Knowledge, nudge or nanny: societal choices to encourage a healthy diet
12 October 2017, 6.00 PM - 12 October 2017, 7.00 PM
Professor Susan Jebb, University of Oxford.
Great Hall, Wills Memorial Building
Knowledge, nudge or nanny: societal choices to encourage a healthy dietOrganised by School of Physiology, Pharmacology & Neuroscience
Poor diet is the leading risk factor in the UK for ill-health and premature death. But while the fundamental components of a healthy diet are well established - we need to consume less saturated fat, sugar and salt and eat more fibre, fruit and vegetables - much less is known about effective interventions to improve the nation’s diet that will be acceptable to society.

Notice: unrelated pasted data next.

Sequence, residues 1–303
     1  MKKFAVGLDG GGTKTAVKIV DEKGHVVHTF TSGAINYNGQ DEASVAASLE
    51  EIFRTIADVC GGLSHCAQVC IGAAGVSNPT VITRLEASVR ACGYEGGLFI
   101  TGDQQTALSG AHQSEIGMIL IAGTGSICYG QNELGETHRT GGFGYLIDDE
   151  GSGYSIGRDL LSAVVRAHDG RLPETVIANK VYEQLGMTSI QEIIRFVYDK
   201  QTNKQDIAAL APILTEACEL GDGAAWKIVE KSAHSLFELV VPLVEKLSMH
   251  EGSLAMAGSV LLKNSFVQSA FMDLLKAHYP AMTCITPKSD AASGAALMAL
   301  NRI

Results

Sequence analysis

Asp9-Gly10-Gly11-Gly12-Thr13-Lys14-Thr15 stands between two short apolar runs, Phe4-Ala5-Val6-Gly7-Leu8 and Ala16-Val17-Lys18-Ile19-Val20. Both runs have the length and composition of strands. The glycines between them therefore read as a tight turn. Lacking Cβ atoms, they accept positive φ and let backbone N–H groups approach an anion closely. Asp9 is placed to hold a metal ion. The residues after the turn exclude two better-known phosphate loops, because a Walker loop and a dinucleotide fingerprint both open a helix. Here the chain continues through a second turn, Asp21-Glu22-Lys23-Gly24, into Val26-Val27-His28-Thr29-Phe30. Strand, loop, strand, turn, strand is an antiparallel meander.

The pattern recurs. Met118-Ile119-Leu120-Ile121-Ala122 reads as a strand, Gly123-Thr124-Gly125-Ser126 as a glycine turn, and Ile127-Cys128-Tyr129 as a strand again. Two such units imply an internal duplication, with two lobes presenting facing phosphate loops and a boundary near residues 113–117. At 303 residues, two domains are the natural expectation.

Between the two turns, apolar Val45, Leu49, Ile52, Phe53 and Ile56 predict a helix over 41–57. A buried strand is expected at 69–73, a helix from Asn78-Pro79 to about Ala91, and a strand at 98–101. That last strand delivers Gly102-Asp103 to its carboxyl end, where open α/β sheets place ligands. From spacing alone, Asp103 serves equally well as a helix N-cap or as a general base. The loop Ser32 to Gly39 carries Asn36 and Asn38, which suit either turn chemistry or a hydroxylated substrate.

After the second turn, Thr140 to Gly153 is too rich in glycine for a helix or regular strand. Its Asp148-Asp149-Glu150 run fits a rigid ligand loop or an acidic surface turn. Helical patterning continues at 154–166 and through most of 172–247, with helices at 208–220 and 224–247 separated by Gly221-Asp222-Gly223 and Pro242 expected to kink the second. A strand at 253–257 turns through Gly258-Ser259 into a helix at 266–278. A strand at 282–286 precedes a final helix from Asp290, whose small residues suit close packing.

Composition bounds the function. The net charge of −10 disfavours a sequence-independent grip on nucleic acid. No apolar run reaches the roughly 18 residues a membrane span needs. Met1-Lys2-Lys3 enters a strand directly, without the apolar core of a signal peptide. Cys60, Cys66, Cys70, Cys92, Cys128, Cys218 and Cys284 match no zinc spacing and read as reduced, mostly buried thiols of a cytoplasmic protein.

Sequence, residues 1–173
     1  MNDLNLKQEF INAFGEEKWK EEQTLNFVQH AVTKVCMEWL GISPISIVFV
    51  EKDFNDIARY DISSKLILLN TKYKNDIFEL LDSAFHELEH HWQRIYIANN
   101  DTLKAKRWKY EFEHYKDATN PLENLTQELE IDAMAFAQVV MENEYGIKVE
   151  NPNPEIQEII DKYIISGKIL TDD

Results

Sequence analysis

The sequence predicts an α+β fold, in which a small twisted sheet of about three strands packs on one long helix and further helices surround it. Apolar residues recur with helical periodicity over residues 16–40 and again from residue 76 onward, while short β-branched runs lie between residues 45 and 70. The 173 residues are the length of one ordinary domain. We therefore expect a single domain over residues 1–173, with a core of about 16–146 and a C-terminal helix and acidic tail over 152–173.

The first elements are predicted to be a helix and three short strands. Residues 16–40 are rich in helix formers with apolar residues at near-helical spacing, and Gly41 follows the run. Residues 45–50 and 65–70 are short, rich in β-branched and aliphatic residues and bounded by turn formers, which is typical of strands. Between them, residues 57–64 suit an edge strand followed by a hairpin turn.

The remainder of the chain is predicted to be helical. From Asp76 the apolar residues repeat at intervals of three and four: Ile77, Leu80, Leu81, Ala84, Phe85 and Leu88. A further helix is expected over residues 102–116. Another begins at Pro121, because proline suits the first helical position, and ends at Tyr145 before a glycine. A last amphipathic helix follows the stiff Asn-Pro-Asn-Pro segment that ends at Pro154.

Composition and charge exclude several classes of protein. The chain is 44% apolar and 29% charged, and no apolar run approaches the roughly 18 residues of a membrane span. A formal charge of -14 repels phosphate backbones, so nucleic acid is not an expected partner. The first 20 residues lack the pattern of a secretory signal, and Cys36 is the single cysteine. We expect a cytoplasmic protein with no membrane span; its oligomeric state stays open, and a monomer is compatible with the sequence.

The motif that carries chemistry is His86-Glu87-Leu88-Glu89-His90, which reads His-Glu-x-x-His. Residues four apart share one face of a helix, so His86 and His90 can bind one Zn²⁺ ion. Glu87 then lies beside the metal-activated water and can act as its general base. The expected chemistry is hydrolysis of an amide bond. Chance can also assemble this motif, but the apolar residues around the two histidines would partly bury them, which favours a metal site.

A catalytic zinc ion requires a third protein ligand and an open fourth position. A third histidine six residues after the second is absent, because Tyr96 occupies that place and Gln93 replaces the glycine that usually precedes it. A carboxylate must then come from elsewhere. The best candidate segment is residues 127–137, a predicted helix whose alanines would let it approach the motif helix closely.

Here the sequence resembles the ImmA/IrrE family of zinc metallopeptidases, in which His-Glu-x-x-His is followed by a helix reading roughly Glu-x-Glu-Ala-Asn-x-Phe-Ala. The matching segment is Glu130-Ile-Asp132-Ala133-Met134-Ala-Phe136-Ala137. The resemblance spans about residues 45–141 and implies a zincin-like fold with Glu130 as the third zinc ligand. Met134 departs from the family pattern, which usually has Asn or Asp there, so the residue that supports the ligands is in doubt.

Actions to date have relied heavily on increasing knowledge and educating individuals to make better choices, but new research shows that most of what we eat is not the result of a deliberative process, but instead occurs below the level of conscious decision-making.
This implies that nudges in the environment to change the default to a healthier alternative may be an important component to improve eating habits. But some question whether this will be enough.
Is stronger policy action required – a nanny to protect society from eating its way to an early grave?
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